If permission (were given to Fritts to use the car, we do not think it can be said as a matter of law that such permission had terminated through passage of time or was exceeded by the actual use of the car on the part of Fritts. Whether Fritts had permission to use the Mercury after 2:00 P.M. was a factual issue about which the evidence was in direct conflict. The colored boy who washed the car supported Fritts's testimony that he returned to the lot about 2:00 P.M. and talked to Spradlin. The question of the scope of a permitted use had our careful consideration recently in Branch v. U.S. Fidelity & Guaranty Co., 6 Cir., 198 F.2d 1007, in which we discussed the Tennessee cases which would be applicable here, beginning with the oft-cited ruling in Stovall v. New York Indemnity Co., 157 Tenn. 301, 8 S.W.2d 473, 72 A.L.R. 1368. The permitted use of the car in the present case was a general on without restrictions, thus bringing the case within the rulings of Stovall v. New York Indemnity Co., supra, and Foley v. Tennessee Odin Ins. Co., 193 Tenn. 206, 245 S.W.2d 202, rather than within the ruling in Moore v. Liberty Mutual Ins. Co., 193 Tenn. 519, 246 S.W.2d 960. See also our rulings in Vezolles v. Home Indemnity Co., supra, 38 F.Supp. 455, affirmed 128 F.2d 257; Preferred Accident Ins. Co. v. Barker, 6 Cir., 104 F.2d 424; Yorkshire Indemnity Co. v. Collier, 6 Cir., 172 F.2d 116; Wise v. Ohio Casualty Ins. Co., D.C. 96 F.Supp. 380, affirmed 6 Cir., 192 F.2d 1022.
Appellants complain of the refusal of the Trial Judge to give certain instructions requested by them and of error on the part of the Trial Judge in some of the instructions which were given. These instructions in the main raised in a different way the same question which we have already discussed, namely the question of implied permission to use the car arising out of the circumstances surrounding the transaction. Since such permission can be implied as well as expressed, we think the Trial Judge was correct in submitting all the circumstances to the jury and in refusing to limit its consideration to what were the rules and regulations of the appellants respecting the use of their cars by prospective purchasers. The instructions considered as a whole made it clear to the jury that the insurance coverage did not apply if the car was being used at the time of the accident without the permission of Thad Cheatham Motors, Inc. We find no prejudicial error in the instructions.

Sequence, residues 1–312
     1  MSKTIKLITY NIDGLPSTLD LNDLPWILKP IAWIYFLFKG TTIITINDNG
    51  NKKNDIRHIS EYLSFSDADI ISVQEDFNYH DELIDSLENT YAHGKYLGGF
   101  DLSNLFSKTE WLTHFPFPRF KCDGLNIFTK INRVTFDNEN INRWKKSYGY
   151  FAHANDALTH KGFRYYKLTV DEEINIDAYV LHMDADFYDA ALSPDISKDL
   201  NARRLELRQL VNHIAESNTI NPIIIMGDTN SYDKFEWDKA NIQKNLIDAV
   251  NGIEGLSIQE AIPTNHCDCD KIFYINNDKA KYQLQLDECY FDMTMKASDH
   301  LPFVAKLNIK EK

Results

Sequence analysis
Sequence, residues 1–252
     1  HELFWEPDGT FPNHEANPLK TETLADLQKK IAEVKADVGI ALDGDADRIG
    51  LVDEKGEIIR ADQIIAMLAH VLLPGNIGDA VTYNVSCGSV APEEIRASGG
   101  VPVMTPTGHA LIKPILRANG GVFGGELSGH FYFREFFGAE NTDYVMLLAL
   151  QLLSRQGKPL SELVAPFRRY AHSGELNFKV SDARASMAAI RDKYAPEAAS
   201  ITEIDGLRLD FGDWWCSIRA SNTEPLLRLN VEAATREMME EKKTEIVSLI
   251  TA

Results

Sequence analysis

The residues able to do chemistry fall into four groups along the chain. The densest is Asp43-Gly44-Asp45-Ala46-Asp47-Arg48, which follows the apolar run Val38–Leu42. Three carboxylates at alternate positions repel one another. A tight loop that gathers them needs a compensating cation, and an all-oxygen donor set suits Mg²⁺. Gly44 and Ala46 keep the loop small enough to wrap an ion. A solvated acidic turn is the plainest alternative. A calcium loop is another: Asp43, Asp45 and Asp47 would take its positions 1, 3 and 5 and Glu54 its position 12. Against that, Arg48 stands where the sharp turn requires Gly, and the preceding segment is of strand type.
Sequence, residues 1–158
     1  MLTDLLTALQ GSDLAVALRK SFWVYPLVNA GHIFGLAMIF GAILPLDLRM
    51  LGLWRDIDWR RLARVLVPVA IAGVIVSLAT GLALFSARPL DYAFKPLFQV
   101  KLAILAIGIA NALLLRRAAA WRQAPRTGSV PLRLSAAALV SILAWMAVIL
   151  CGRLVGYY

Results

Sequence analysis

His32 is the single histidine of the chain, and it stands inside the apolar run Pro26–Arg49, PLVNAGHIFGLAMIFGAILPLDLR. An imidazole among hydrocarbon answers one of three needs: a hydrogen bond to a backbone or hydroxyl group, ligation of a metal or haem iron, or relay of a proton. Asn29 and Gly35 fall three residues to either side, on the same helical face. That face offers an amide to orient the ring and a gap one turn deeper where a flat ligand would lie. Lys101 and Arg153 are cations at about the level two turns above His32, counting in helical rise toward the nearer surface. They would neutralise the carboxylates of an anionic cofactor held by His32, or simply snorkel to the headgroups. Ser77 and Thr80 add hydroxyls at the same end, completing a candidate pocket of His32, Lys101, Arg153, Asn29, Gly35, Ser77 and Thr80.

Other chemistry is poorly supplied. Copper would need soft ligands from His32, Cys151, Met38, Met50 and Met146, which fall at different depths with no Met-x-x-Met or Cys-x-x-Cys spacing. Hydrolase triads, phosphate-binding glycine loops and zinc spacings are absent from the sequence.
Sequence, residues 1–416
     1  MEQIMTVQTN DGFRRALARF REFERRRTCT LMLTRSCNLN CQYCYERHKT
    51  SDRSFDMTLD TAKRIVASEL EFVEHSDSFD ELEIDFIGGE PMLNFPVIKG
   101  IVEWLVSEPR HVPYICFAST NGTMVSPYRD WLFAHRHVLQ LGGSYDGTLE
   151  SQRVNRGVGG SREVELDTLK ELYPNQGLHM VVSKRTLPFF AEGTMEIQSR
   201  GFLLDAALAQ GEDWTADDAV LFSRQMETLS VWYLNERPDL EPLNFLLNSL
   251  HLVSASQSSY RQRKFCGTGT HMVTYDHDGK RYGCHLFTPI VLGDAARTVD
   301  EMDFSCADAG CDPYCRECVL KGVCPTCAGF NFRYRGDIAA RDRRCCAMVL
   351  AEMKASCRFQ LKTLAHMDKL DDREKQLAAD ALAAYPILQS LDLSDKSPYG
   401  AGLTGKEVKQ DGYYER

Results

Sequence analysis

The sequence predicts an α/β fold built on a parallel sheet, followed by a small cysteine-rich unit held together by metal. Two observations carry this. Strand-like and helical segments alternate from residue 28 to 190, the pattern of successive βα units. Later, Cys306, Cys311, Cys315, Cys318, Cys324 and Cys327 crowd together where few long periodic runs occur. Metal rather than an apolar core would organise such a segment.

The policy in the present cases obligated the appellants 'to pay on behalf of the insured all sums which the insured shall become obligated to pay by reason of the liability * * * imposed upon him by law, (a) for damages * * * sustained * * * by any person. * * *' The default judgments in the State Court were in each case part compensatory and part punitive. The State Court made findings that the acts of Fritts complained of in the declarations were grossly negligent and wanton. Appellants contend that their liability policy did not obligate them to pay that portion of the judgments awarded as punitive damages, in that they are penalties rather than damages. Authorities are cited which hold that injuries inflicted intentionally are not accidental injuries within the coverage of the usual liability policy. Messersmith v. American Fidelity Co., 232 N.Y. 161, 165, 133 N.E. 432, 19 A.L.R. 876; Miller v. U.S. Fidelity & Casualty Co., 291 Mass. 445, 197 N.E. 75; Commonwealth Casualty Co. v. Headers, 118 Ohio St. 429, 161 N.E. 278. But injury from gross negligence or wanton negligence is not the same as an intentional injury. We are of the opinion that the punitive damages awarded in these cases are liabilities imposed by law for damages within the meaning of the policy. Ohio Casualty Co. v. Welfare Finance Co., 8 Cir., 75 F.2d 58, certiorari denied 295 U.S. 734, 55 S.Ct. 645, 79 L.Ed. 1682; New Amsterdam Casualty Co. v. Jones, 6 Cir., 135 F.2d 191.
The judgments are affirmed.